Seasonal affective disorder: How to spot the symptoms
When winter comes, you see less sunlight and may find that you’re more irritable or out of energy. Sometimes this can be more than just a case of winter blues. Seasonal affective disorder (SAD) is a subtype of major depression or bipolar disorder. The symptoms come on and go away at the same time every year. Here’s a look at the signs of SAD and how you could go about treating your symptoms;
The symptoms and causes of SAD
Symptoms commonly come on in the fall and winter and resolve by spring. However, some people do experience the opposite and feel these blues in the spring and summer. About 5 percent of people in the United States have some kind of seasonal depression every year, with most of them being women, according to Psychology Today.
Mayo Clinic lists symptoms to look for, including:
- Trouble sleeping,
- Tiredness or fatigue,
- Weight gain or changes in appetite,
- Difficulty concentrating,
- Feelings of hopelessness.
The reasons why people experience seasonal depression aren’t fully understood, but it’s thought that less light has something to do with it. Your body’s internal clock, as well as your hormones, may be off. Melatonin and serotonin are hormones that help regulate your mood and sleep habits. These hormones are tied to sun exposure, according to research in Environmental Health Perspectives. With less exposure to sunlight, your body may make more melatonin and less serotonin, leaving you feeling sleepy and less perky.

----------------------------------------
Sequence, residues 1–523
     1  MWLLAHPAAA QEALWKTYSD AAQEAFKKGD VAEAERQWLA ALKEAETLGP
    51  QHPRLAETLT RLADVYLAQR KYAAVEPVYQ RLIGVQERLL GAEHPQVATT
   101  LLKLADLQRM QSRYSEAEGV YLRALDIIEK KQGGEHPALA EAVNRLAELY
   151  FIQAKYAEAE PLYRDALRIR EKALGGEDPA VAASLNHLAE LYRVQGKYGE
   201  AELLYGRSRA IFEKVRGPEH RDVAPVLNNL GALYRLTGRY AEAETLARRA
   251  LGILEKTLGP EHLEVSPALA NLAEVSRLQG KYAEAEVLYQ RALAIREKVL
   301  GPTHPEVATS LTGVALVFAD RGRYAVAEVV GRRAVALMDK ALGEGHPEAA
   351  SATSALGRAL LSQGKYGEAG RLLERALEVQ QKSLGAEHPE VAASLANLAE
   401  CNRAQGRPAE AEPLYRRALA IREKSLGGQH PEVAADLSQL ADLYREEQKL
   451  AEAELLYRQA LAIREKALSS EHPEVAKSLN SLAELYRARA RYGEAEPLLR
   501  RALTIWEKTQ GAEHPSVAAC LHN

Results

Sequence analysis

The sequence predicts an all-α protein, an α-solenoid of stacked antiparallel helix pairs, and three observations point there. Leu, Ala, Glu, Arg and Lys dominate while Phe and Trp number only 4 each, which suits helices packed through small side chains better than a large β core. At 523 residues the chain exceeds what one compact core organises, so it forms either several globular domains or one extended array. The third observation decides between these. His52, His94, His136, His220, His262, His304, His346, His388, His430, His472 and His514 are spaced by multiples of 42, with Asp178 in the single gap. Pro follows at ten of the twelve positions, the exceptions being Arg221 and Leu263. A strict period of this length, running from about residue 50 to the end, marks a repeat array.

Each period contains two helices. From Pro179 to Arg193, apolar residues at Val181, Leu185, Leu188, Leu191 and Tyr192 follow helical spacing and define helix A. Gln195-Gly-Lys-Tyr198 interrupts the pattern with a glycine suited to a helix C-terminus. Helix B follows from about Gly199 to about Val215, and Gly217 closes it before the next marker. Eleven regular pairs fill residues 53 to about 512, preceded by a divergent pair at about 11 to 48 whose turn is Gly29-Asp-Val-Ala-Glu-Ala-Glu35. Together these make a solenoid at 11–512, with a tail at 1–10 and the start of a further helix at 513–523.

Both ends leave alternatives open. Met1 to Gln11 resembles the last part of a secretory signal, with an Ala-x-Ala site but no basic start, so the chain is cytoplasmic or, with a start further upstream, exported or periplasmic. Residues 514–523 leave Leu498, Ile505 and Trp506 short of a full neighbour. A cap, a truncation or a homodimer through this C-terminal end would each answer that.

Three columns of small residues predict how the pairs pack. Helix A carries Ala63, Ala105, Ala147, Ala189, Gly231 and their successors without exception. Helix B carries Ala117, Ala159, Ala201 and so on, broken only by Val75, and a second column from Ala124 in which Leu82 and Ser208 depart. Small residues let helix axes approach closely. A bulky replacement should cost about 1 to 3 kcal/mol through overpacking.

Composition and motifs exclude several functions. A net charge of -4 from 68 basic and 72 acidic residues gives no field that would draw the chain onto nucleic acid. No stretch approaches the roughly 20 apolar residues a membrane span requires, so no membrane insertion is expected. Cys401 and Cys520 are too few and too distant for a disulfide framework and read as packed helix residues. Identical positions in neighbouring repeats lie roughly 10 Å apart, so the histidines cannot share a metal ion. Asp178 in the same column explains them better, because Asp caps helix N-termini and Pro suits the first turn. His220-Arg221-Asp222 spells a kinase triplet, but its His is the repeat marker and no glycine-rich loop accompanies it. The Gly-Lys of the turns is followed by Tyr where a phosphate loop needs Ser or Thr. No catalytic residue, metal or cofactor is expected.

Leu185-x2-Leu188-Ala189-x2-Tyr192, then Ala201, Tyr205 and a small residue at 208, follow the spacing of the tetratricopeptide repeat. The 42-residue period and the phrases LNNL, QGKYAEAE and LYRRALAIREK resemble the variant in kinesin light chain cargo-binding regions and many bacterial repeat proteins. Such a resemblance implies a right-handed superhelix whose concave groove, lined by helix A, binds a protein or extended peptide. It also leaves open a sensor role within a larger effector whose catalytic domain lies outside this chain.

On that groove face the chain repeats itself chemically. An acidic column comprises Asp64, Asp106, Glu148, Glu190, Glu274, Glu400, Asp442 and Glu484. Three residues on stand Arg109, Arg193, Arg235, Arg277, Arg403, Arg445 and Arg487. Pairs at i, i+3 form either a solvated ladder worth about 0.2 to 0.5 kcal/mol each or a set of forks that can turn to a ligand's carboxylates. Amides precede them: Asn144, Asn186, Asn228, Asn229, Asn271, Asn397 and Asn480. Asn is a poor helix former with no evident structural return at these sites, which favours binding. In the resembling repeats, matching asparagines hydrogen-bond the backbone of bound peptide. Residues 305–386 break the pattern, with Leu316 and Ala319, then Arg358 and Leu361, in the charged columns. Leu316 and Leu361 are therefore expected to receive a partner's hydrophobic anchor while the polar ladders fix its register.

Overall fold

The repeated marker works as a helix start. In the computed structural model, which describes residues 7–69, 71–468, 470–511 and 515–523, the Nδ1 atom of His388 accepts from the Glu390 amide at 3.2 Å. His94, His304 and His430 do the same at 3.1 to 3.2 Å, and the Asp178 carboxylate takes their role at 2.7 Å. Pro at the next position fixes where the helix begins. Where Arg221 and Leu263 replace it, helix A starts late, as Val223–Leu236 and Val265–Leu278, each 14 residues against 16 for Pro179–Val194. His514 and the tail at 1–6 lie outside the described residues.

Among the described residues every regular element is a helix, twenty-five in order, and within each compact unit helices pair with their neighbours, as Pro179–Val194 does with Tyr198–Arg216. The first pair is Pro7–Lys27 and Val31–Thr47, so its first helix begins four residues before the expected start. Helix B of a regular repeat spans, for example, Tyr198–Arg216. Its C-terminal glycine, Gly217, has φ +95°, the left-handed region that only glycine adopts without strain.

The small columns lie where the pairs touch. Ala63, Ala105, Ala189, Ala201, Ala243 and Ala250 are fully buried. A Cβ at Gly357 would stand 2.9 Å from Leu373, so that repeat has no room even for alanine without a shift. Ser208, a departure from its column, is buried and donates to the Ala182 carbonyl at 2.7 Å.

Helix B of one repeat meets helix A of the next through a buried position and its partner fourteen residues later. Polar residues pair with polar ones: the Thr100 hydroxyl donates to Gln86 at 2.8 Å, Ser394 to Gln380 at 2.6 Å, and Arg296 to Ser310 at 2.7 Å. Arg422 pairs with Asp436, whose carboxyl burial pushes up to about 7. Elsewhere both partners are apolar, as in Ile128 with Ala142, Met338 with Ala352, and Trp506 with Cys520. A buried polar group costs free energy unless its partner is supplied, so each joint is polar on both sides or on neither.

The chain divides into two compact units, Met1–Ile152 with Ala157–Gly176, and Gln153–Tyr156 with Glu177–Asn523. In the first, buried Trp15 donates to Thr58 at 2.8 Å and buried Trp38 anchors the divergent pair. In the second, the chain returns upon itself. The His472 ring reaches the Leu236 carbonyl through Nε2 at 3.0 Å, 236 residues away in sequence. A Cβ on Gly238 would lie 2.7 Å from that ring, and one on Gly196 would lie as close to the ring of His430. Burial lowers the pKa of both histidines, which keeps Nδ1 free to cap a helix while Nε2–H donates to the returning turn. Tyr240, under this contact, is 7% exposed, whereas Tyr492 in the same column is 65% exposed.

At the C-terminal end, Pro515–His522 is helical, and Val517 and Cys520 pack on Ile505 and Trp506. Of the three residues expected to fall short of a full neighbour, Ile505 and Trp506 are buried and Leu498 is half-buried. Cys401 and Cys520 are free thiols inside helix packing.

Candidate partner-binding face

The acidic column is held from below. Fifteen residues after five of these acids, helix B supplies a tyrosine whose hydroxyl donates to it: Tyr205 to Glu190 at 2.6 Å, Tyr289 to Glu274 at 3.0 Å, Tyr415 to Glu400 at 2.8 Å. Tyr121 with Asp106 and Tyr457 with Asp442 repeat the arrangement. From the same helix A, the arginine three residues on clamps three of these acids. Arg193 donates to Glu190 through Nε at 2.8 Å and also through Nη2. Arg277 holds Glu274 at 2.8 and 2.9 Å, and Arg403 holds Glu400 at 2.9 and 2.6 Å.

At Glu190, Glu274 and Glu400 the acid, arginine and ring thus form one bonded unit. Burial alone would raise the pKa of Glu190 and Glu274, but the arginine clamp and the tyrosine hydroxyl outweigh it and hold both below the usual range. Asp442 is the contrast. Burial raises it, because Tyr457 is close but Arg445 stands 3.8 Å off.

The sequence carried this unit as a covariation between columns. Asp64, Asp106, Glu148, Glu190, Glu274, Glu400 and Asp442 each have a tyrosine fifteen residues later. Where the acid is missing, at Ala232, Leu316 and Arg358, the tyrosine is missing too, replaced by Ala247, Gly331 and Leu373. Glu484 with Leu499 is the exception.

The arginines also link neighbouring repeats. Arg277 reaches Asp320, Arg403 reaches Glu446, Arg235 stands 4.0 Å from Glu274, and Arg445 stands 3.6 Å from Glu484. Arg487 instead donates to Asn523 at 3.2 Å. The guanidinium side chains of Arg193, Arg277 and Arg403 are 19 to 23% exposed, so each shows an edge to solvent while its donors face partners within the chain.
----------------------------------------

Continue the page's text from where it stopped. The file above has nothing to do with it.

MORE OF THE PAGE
How to treat it
In mild cases, you may be able to treat seasonal affective disorder symptoms at home. However, if you’re feeling down for days at a time and the depression or fatigue is interfering with your daily activities, it’s time to see a doctor. You should also see a doctor if you’re finding major changes in your appetite, if you’re having trouble sleeping or if you begin having suicidal thoughts.
Treatment for SAD varies if you have bipolar disorder. However, most treatments are consistent with those for major depression. Light therapy, also known as phototherapy, is a common treatment choice. You get exposure to bright light at certain times of the day to help regulate hormones and boost your mood.
Antidepressants and counseling are also options for SAD. On your own, you can add in physical exercise and spend more time outside. You may find you’re driving to and from work in the dark during winter. Take breaks throughout the day and walk around the building to get some sun exposure. Spend time outdoors when you’re not working, especially on sunny days.
It may take a couple weeks, but most people do start to feel better with treatment, according to Mayo Clinic. When spring comes around, you’ll likely start to get back to normal.
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